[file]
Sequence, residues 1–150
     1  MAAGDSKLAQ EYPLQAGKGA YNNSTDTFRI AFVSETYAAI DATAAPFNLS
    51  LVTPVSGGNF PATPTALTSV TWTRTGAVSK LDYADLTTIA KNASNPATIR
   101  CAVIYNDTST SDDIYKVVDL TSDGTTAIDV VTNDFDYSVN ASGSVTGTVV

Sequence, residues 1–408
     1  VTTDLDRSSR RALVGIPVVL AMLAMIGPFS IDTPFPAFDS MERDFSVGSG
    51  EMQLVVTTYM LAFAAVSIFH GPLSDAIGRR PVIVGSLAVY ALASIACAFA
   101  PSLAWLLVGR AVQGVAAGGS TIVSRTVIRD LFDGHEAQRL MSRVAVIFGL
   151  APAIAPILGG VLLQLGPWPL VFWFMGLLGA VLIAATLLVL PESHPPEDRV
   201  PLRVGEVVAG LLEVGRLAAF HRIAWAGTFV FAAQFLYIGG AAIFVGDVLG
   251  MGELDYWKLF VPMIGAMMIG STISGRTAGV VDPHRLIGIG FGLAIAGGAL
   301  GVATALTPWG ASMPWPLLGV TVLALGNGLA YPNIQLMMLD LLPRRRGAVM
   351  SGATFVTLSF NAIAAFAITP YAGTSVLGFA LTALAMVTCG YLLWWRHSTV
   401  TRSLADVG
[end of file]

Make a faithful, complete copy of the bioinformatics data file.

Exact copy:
Sequence, residues 1–150
     1  MAAGDSKLAQ EYPLQAGKGA YNNSTDTFRI AFVSETYAAI DATAAPFNLS
    51  LVTPVSGGNF PATPTALTSV TWTRTGAVSK LDYADLTTIA KNASNPATIR
   101  CAVIYNDTST SDDIYKVVDL TSDGTTAIDV VTNDFDYSVN ASGSVTGTVV

Sequence, residues 1–408
     1  VTTDLDRSSR RALVGIPVVL AMLAMIGPFS IDTPFPAFDS MERDFSVGSG
    51  EMQLVVTTYM LAFAAVSIFH GPLSDAIGRR PVIVGSLAVY ALASIACAFA
   101  PSLAWLLVGR AVQGVAAGGS TIVSRTVIRD LFDGHEAQRL MSRVAVIFGL
   151  APAIAPILGG VLLQLGPWPL VFWFMGLLGA VLIAATLLVL PESHPPEDRV
   201  PLRVGEVVAG LLEVGRLAAF HRIAWAGTFV FAAQFLYIGG AAIFVGDVLG
   251  MGELDYWKLF VPMIGAMMIG STISGRTAGV VDPHRLIGIG FGLAIAGGAL
   301  GVATALTPWG ASMPWPLLGV TVLALGNGLA YPNIQLMMLD LLPRRRGAVM
   351  SGATFVTLSF NAIAAFAITP YAGTSVLGFA LTALAMVTCG YLLWWRHSTV
   401  TRSLADVG